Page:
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My Brother's Keeper Alliance

On the South Lawn, President Obama walks in the middle of a group of young men. All have a range of light to deep skin tones. They are wearing a mix of casual and professional attire.

History & Challenges

Our vision is to make safe and supportive communities a reality for all of our nation’s boys and young men of color, each and every one of whom is critical to our collective success. By realizing this vision, we are creating a brighter, more promising future, not just for our boys and young men of color, but for our country.

Our history

President Obama launched the My Brother’s Keeper program in February 2014, in response to the death of Trayvon Martin. The program sought to address the persistent opportunity gaps boys and young men of color face and to ensure all young people can reach their full potential.

We believe communities are the unit of change to realize improved life outcomes for boys and young men of color. Research shows that the collective work of community leaders, members, and public and private agencies pursuing the same goals for boys and young men of color can lead to sustainable, place-based change.

My Brother’s Keeper Alliance at the Obama Foundation

In 2018, 19 organizations across 10 states and Puerto Rico were chosen as national models to expand evidence-based initiatives to reduce youth violence, grow effective mentorship programs, and measurably improve the lives of boys and young men of color. The MBK Alliance team is working with these Impact and Seed communities to support the development of long-term strategic plans that chart life outcomes changes for boys and young men of color across the six milestones.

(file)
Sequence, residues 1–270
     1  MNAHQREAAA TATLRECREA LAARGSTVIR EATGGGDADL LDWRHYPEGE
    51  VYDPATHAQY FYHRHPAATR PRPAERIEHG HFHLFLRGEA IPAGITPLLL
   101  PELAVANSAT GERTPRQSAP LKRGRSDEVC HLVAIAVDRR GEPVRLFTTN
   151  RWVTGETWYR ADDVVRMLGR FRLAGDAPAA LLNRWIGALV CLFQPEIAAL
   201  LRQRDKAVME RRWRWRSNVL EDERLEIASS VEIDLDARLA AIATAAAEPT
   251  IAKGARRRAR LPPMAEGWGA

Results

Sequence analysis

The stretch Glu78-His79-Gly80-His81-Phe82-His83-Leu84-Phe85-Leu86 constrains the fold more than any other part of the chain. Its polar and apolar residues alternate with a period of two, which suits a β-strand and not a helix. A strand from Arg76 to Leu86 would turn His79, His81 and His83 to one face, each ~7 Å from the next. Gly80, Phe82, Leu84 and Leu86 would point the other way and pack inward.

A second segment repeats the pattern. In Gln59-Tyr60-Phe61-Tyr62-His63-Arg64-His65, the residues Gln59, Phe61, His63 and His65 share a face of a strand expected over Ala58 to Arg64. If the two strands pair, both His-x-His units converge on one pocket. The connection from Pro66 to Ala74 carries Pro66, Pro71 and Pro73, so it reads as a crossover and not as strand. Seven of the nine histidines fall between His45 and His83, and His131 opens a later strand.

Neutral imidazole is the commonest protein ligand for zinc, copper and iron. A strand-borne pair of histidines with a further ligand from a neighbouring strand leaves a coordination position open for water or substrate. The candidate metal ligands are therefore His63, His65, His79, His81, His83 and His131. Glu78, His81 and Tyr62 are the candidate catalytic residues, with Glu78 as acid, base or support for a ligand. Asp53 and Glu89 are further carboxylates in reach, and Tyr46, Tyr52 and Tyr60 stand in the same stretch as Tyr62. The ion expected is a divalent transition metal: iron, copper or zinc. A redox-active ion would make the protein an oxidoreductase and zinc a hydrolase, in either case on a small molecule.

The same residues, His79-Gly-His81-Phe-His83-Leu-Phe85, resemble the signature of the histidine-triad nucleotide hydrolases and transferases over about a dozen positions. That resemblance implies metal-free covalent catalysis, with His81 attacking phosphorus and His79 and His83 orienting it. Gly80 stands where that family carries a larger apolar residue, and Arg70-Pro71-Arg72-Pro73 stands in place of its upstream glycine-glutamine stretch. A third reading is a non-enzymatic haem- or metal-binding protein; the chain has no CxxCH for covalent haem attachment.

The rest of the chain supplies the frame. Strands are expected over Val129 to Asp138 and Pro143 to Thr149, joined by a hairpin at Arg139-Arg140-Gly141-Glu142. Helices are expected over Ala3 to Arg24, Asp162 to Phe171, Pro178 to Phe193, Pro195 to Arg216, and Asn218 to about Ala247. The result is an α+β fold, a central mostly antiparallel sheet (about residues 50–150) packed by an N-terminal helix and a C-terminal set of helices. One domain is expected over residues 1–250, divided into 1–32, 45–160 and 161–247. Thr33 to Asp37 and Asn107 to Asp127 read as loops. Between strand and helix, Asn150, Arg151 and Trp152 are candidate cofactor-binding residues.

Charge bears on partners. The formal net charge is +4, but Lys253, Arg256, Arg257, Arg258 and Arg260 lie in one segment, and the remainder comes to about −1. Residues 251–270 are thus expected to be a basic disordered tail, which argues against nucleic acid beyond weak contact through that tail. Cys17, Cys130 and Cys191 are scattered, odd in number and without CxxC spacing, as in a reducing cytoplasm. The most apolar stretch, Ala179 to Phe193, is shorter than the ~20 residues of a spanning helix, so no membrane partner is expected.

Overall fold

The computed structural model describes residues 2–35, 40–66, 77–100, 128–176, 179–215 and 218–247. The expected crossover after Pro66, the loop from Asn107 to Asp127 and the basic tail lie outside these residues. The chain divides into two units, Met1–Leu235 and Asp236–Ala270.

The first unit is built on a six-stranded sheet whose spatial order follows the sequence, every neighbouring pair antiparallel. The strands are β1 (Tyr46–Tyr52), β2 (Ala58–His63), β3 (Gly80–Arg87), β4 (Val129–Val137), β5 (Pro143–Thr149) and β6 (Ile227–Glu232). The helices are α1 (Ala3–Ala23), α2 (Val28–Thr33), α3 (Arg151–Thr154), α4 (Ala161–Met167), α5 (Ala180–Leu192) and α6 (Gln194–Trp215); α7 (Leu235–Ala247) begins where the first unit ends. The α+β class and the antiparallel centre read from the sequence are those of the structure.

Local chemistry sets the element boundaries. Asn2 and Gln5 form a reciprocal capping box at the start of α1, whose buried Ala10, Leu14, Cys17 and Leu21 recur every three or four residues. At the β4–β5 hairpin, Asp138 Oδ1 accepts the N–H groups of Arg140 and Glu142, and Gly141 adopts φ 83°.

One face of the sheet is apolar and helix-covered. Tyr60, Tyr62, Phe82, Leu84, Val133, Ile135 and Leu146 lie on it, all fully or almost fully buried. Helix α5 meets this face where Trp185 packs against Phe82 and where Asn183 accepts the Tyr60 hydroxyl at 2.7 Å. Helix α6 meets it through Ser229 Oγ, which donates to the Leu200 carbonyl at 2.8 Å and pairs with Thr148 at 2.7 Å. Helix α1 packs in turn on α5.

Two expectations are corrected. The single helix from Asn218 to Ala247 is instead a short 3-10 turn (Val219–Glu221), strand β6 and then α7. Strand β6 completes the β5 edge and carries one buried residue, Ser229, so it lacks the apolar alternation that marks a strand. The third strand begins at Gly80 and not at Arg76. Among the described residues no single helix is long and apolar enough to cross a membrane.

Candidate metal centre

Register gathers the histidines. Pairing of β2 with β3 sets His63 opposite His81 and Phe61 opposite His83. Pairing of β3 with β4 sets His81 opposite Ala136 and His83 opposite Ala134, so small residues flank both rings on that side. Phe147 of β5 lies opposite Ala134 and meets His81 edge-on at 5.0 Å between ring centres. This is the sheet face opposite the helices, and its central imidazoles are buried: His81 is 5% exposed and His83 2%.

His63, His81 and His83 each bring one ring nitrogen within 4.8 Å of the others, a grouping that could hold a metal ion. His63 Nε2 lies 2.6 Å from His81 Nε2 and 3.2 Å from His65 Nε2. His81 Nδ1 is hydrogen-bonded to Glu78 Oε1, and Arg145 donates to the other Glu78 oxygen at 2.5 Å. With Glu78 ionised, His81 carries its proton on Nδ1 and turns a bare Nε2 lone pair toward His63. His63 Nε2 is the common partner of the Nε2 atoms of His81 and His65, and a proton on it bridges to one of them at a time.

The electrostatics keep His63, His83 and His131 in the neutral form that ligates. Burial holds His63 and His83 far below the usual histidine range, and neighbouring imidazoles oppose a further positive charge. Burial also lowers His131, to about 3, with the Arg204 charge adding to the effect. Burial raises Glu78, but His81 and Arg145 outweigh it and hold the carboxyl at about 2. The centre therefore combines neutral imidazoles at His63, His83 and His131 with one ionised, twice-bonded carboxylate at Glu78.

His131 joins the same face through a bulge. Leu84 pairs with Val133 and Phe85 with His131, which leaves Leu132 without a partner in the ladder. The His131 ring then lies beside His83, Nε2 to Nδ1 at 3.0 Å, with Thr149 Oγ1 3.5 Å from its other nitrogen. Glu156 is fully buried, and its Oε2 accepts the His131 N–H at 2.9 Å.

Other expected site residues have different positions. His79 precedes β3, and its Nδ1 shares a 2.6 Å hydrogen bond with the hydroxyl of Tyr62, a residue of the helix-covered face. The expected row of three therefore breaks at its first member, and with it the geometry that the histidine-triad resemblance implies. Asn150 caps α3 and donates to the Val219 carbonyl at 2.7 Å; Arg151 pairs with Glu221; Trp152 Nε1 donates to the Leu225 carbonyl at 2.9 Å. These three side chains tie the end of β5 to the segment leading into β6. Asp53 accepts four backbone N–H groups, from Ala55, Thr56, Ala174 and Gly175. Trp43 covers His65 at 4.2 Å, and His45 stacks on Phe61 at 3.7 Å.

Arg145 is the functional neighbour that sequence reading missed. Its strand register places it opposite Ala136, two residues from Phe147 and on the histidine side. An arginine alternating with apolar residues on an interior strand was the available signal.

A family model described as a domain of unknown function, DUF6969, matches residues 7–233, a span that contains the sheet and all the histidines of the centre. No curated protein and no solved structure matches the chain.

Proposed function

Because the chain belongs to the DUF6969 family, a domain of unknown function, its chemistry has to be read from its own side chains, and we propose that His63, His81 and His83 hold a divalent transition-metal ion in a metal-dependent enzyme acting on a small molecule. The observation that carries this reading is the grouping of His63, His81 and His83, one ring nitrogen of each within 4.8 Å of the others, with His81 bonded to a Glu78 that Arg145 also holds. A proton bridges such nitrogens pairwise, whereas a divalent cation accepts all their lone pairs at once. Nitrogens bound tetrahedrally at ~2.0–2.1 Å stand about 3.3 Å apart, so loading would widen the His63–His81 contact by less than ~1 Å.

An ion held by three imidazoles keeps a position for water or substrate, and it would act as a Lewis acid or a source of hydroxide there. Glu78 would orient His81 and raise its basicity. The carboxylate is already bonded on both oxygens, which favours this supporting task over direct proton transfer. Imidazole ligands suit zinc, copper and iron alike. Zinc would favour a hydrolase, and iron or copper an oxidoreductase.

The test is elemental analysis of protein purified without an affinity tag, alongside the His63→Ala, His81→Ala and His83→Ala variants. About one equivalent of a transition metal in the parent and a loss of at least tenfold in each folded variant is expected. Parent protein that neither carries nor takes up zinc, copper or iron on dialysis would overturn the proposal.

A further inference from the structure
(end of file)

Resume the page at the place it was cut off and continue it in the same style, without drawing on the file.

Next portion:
The Alliance is working with partners to offer tools, resources, and convening opportunities designed to support the growing network of nearly 250 MBK Communities that participated in the My Brother’s Keeper Community Challenge. 

Our goal is to bolster the network of MBK Communities and all those that share our mission while promoting action, strengthening interventions, and sharing practices and policies that work.

Our challenges

Our country's persistent social inequities are widespread, rooted in structural and institutional racism, and prevent our boys and young men of color from reaching their full potential.

  • Poverty

    Black, American Indian, and Hispanic children are between six and nine times more likely than white children to live in areas of concentrated poverty.

  • Discipline

    Black students represent 16 percent of the public school student population, but make up 42 percent of those suspended more than once, and 34 percent of students expelled.

  • Employment

    A Black baby boy born 25 years ago has a 1 in 2 chance of being employed today.

  • Crime

    While only 6% of the overall population, Black males account for nearly half of all murder victims.

Support boys and young men of color

Help unleash the power of communities working together by giving to the Obama Foundation today.

Donate to the Barack Obama Foundation. The Barack Obama Foundation is registered as a 501(c)(3) non-profit organization (EIN 46-4950751).

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6 Key Milestones to Success

The MBK Equity Framework will help you uncover the disparate outcomes for boys and young men of color in your community.

Learn more

How we do it

A young man with a deep skin tone wearing a gray hoodie and black jacket smiles toward the camera. There are other men and young men around him with deep skin tones. We see the sky slightly above their heads.

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